Editing 101: How NOT to Ruin Your Colleague's Article
One of my mentors once shared a story about a time when she thought she’d been particularly heavy-handed with an edit. The piece was weak on organization, and she’d had to do a fair amount of rearranging. When she sent the piece back to the writer for review, he enthusiastically thanked her for not changing much at all.
How did he not notice that she’d completely revamped his article? Because she had an incredible talent for the Golden Rule of editing: Preserve the writer’s voice.
Taking a fresh look at your own copy is one thing. Editing someone else’s writing is an entirely different experience. Your job as an editor is to help the writer communicate clearly, effectively and eloquently. Your job is not to make the writer sound like you.
Editors often succumb to the trap of thinking their own approach is always preferable to another writer’s. In fact, it takes considerable skill and restraint to improve a writer’s article without removing him from the soul of the piece.
Here’s how it’s done:
Fix the problems—leave the rest alone.
As an editor, you’re looking for all the places where an article doesn’t work. Does the lead anecdote match the point of the story? Does the body of the piece answer all our questions? Were the right people interviewed for the story, and is anyone obviously missing who should have been called? Did the writer make grammatical mistakes? Does the ending bring it all home?
So, what should you leave alone? Sentences that are perfectly clear but are phrased differently than you would have phrased them. Anecdotes that are totally on point, but not quite as entertaining as something similar that happened to you.
Bottom line, if you aren’t fixing a bona fide problem—a confusing passage, a structural problem, a grammatical error—you don’t need to make a change. Never change something solely because you would have said it differently.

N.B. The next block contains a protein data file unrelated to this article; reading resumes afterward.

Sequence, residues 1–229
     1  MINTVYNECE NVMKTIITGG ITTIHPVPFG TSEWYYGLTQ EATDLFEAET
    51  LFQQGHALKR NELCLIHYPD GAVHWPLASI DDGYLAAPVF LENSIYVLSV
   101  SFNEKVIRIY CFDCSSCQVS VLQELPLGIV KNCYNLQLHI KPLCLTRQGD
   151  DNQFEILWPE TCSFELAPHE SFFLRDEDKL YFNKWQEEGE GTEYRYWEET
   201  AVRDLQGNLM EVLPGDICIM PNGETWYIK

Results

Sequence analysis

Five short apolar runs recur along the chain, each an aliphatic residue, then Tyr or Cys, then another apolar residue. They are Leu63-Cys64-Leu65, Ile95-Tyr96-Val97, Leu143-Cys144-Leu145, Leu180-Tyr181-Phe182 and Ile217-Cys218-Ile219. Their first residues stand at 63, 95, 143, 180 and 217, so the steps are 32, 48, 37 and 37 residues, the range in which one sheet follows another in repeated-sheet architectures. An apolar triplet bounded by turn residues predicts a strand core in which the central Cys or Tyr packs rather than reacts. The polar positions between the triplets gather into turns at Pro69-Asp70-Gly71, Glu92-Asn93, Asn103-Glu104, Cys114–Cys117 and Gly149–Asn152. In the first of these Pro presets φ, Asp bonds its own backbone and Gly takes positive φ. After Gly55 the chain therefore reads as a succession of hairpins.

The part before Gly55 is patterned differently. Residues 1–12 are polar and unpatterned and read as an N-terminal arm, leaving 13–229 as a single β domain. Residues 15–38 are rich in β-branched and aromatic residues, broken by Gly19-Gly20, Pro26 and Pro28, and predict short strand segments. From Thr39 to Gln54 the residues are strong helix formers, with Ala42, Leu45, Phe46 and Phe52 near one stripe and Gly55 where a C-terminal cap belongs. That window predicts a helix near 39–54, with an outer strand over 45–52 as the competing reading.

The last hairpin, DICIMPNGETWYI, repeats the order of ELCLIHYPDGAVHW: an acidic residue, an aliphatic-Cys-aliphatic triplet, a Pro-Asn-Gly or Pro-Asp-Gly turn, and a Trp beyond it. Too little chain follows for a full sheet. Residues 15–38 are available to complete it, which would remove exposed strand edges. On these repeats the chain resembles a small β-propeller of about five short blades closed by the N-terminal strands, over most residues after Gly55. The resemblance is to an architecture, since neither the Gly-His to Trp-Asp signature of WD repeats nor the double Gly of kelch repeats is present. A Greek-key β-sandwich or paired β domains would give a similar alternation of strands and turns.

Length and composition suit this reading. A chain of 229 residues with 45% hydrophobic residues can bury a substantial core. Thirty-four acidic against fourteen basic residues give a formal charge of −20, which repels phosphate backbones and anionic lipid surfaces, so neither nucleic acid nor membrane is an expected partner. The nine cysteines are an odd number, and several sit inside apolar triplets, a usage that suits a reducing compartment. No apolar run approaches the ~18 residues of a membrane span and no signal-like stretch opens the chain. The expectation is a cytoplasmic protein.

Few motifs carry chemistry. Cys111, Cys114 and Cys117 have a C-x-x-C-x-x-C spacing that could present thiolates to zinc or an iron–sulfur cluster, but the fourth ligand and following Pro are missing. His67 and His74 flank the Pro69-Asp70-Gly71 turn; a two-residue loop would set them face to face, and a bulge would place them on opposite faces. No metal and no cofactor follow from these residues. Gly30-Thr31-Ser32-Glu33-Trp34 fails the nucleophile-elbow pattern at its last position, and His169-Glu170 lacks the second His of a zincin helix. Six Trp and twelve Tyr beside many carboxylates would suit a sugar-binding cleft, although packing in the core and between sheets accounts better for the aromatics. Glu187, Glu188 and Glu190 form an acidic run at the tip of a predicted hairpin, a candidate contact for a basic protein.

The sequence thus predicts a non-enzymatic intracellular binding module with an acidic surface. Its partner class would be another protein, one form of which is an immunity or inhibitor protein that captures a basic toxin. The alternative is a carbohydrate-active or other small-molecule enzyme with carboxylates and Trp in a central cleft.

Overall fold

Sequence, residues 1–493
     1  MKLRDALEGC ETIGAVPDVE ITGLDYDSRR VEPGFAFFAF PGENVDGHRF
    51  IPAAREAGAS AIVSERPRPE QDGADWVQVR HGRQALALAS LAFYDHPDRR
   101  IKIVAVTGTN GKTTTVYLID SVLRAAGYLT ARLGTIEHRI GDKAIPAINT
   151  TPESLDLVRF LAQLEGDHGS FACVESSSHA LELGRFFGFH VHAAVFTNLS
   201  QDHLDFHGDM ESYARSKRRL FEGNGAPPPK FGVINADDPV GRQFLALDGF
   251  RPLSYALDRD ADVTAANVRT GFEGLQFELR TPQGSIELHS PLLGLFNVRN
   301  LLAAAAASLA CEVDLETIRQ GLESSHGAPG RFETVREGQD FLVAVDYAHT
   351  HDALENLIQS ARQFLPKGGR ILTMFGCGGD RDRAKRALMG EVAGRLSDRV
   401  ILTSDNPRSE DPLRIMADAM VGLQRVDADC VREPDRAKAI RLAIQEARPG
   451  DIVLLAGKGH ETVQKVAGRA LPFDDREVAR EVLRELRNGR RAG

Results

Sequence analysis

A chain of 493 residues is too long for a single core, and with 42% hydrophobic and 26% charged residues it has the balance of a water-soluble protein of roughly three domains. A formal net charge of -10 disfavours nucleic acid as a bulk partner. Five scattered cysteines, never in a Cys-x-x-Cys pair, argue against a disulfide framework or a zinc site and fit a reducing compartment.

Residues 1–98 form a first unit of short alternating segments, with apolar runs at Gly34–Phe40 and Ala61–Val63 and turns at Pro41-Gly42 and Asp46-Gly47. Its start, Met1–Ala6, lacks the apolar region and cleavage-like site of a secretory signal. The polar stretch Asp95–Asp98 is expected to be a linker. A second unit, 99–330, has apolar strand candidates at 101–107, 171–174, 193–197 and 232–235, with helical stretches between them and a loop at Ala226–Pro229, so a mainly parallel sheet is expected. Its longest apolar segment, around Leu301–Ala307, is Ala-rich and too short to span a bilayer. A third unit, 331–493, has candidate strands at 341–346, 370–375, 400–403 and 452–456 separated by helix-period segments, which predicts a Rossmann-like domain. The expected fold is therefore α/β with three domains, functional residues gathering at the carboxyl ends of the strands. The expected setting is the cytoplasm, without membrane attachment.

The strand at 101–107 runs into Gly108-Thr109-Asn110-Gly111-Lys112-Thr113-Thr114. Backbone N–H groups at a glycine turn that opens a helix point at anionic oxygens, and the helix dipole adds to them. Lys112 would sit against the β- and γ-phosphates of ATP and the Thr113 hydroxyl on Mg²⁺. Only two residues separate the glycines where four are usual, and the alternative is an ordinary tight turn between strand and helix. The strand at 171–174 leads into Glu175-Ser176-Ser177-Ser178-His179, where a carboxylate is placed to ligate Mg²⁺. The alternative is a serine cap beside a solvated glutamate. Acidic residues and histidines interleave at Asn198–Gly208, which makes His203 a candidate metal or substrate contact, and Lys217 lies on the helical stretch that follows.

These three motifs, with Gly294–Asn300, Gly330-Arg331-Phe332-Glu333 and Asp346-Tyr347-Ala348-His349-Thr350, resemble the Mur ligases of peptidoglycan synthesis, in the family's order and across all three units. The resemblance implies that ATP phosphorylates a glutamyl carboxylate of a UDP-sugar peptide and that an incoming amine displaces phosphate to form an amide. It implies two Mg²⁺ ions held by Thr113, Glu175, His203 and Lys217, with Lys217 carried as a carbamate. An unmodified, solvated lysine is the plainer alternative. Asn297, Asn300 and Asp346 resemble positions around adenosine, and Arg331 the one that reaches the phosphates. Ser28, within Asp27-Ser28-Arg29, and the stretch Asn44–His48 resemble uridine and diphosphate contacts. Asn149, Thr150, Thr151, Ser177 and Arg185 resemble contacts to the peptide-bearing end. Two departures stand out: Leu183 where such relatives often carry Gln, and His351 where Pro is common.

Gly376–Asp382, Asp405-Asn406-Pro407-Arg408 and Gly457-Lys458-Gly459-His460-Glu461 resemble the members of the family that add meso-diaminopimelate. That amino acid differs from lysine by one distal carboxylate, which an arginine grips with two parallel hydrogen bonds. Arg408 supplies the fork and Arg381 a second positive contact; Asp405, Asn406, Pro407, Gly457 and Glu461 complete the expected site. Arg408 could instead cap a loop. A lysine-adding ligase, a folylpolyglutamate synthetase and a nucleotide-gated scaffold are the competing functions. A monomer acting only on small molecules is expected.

Retain the writer’s language.
Editing is not rewriting. The best editors work with the key phrases, adjectives, anecdotes and expressions they’re given. They rearrange, they add transitions, they flip phrases around. They don’t add 1980s adjectives that a Millennial never would use. They don’t introduce sarcasm or attitude that wasn’t originally intended. They don’t insert phrases in jarring contrast to the rest of the piece. In the end, the finished piece will feel a lot like the original, except that now it works.
Give the writer a second chance.
Let’s say the writer took the piece in a direction that deviated from your original intent as an assigning editor. If your approach really would have been better, now is the time for coaching, not rewriting.
The best editors will restructure the piece, then send it back to the writer with clear notes to guide him or her on a rewrite, such as:
Please describe the scene for us here.
This would work better as a more humorous article. Do you have a more light-hearted anecdote you could use for the lead?
Sure, sometimes it would be easier to rewrite an unacceptable piece from a writer. But it’s much more rewarding to work together on something of which you both will be proud.
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